United States District Court, E.D. Missouri, Eastern Division
JOSEPH S. VON KAENEL, Plaintiff,
ARMSTRONG TEASDALE, LLP, Defendant.
AMENDED OPINION, MEMORANDUM AND ORDER
EDWARD AUTREY UNITED STATES DISTRICT JUDGE.
matter is before the Court on Defendant's Motion for
Judgment on the Pleadings, [Doc. No. 25]. The matter is filed
by Plaintiff under the Age Discrimination in Employment Act
(“ADEA”), 29 U.S.C. § 621, et seq.
For the reasons set forth below, the Motion is granted.
Joseph von Kaenel (“Plaintiff”) began working as
an attorney at Defendant Armstrong Teasdale LLP
(“Defendant”) on June 1, 1972. Plaintiff
eventually joined Defendant partnership as an equity partner.
Plaintiff turned 70 years old in November 2014. Defendant has
a policy requiring equity partners to leave the firm at the
end of the calendar year in which the partner turns 70 years
old. As such, Defendant informed Plaintiff that he would not
be allowed to work past December 31, 2014. Plaintiff was
entitled to severance benefits after this termination on the
condition that he ceased the private practice of law.
Plaintiff chose to continue the private practice of law, and
Defendant terminated Plaintiff's severance benefits.
Plaintiff claims that if Defendant did not have its policy
requiring equity partners to retire at 70, he would have
retired at 75, stopped practicing law, and received his
December 11, 2014, Plaintiff filed a Charge of Discrimination
with the Equal Employment Opportunity Commission (the
“EEOC”) and the Missouri Commission on Human
Rights (the “MCHR”) alleging employment
discrimination by Defendant based on Plaintiff's age of
70. On February 17, 2015 MCHR issued a Notice of Termination
of Proceedings informing Plaintiff that MCHR lacked
jurisdiction over his complaint because he was 70 years old
and therefore outside the protected age group under the
Missouri Human Rights Act (the “MHRA”).
October 13, 2015, Plaintiff filed a Petition for Writ of
Mandamus in the Circuit Court for Cole County, Missouri (the
“Cole County court”) asking the court to issue a
Writ of Mandamus directing the MCHR to either issue a Notice
of Right to Sue Letter or reopen and fully investigate
Plaintiff's case. The Cole County court held an
evidentiary hearing on the Petition, at which the Defendant
argued, inter alia, that Plaintiff was not an
“employee” protected by the MHRA by virtue of his
position as an equity partner of Defendant partnership. At
the evidentiary hearing, Plaintiff testified as to his rights
and obligations as an equity partner under the partnership
agreement. The Cole County court's judgment, issued
October 19, 2017, dismissed Plaintiff's Petition and
found that “as an equity partner of Armstrong Teasdale
LLP, [Plaintiff] is not a covered employee protected by the
[MHRA.]” The EEOC issued a Notice of Right to Sue to
Plaintiff for his ADEA claim on June 24, 2016. Plaintiff
filed his Complaint in the instant action on September 1,
support of its motion for judgment on the pleadings,
Defendant argues that the issue of whether Plaintiff was an
“employee” of Defendant was already litigated by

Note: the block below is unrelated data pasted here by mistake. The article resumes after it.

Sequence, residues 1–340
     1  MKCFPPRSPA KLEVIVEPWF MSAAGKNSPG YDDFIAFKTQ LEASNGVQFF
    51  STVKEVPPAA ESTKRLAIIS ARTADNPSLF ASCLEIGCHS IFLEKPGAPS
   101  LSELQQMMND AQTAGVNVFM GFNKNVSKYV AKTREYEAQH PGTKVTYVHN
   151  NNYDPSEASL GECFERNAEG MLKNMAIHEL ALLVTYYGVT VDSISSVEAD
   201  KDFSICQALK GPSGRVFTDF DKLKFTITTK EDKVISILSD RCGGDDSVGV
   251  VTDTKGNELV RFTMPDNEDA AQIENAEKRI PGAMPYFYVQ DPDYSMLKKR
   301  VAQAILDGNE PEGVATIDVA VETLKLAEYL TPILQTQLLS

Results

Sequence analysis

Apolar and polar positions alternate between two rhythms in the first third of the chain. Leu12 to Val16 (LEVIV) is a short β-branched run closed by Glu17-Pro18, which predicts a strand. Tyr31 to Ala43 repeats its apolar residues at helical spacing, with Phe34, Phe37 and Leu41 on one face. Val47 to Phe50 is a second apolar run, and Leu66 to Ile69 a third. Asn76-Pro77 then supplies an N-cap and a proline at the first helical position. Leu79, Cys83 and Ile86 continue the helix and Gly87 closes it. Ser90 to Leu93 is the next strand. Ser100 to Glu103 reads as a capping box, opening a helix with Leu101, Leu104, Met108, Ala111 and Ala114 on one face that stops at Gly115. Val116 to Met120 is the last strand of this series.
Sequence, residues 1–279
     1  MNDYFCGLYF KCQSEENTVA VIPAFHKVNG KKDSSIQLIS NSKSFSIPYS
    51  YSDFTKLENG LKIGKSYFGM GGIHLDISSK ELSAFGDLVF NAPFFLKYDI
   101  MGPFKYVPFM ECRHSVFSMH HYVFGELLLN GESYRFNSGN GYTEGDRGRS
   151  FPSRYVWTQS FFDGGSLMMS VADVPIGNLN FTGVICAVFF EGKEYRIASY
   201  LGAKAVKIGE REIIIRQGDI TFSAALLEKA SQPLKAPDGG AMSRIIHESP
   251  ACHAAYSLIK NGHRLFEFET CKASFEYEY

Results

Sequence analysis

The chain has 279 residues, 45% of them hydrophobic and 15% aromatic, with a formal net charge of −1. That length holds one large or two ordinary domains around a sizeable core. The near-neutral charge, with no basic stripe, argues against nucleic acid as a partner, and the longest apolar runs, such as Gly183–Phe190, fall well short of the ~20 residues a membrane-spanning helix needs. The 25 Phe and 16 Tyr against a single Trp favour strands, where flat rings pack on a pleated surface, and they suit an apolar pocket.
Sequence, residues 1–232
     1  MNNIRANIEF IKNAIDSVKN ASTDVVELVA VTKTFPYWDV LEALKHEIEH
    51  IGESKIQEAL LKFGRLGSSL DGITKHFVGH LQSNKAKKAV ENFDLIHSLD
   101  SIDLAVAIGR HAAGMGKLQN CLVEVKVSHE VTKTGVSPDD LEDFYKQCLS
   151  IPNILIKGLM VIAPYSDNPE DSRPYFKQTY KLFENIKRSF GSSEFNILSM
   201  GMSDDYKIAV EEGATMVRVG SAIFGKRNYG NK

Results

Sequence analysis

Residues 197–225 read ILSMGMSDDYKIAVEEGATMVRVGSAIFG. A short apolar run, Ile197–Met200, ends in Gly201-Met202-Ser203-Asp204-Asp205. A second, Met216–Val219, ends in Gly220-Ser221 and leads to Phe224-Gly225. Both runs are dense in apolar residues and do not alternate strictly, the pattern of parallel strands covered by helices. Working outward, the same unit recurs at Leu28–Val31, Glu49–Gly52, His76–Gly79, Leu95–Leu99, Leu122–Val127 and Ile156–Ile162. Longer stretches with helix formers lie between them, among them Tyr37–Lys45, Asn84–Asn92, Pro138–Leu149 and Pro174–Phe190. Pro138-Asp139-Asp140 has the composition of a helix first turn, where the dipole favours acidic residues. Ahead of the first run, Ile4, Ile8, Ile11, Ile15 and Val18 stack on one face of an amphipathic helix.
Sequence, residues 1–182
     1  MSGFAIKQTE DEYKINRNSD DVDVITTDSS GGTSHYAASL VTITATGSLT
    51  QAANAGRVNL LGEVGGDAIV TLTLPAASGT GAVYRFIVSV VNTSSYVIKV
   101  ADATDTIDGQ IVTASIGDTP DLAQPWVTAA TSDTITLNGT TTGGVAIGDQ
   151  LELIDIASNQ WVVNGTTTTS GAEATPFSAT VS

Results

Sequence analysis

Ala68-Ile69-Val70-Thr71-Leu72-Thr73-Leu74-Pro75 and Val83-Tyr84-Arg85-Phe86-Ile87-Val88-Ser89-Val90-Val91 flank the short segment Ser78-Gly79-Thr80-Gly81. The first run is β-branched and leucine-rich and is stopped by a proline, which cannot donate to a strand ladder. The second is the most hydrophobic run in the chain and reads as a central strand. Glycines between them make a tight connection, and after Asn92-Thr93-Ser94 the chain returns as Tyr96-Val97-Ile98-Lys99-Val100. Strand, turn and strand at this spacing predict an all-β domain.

the Cole County court and thus Plaintiff is collaterally
estopped from relitigating this issue in the instant action.
Defendant claims that since Plaintiff cannot challenge his
status as a non-employee, his claim necessarily fails.
opposes the Motion for Judgment on the Pleadings. The matter
has been fully briefed.
the pleadings are closed-but early enough not to delay
trial-a party may move for judgment on the pleadings.”
Fed.R.Civ.P.Rule 12(c). “A motion for judgment on the
pleadings should be granted when, accepting all facts pled by
the nonmoving party as true and drawing all reasonable
inferences from the facts in favor of the nonmoving party,
the movant has clearly established that no material issue of
fact remains and that the movant is entitled to judgment as a
matter of law.” Schnuck Markets, Inc. v. First Data
Merch. Servs. Corp., 852 F.3d 732, 737 (8th Cir. 2017).
As a general rule, a Rule 12(c) motion for judgment on the
pleadings is reviewed under the same standard as a 12(b)(6)
motion to dismiss.” Ginsburg v. InBev NV/SA,
623 F.3d 1229, 1233 n. 3 (8th Cir.2010); accord Gallagher
v. City of Clayton, 699 F.3d 1013, 1016 -1017 (8th Cir.
2012). Thus, dismissal under Rule 12(b)(6) - and, hence,
judgment pursuant to Rule 12(c) - is appropriate when a claim
or action is fatally flawed in its legal premises. See
Stringer v. St. James R-1 Sch. Dist., 446 F.3d 799, 802
(8th Cir.2006) (citing Young v. City of St. Charles,
244 F.3d 623, 627 (8th Cir.2001)).
well-settled that when considering a motion for judgment on
the pleadings, the court generally must ignore materials
outside the pleadings, but may consider some materials that
are part of the public record or do not contradict the
complaint, as well as materials that are necessarily embraced
by the pleadings. Porous Media Corp. v. Pall Corp.,
186 F.3d 1077, 1079 (8th Cir. 1999) (citing Missouri ex
rel. Nixon v. Coeur D'Alene Tribe, 164 F.3d 1102,
1107 (8th Cir. 1999); Piper Jaffray Cos. v. National
Union Fire Ins. Co., 967 F.Supp. 1148, 1152 (D. Minn.
support of its Motion, Defendant invokes the doctrine of
collateral estoppel, or issue preclusion, arguing that
because the Cole County Court determined that Plaintiff was
not an “employee” of Defendant under the MHRA,
Defendant should not be required to re-litigate the issue of
whether Plaintiff was an “employee” under the
collateral estoppel, once a court has decided an issue of
fact or law necessary to its judgment, that decision may
preclude relitigation of the issue in a suit on a different
cause of action involving a party to the first case.”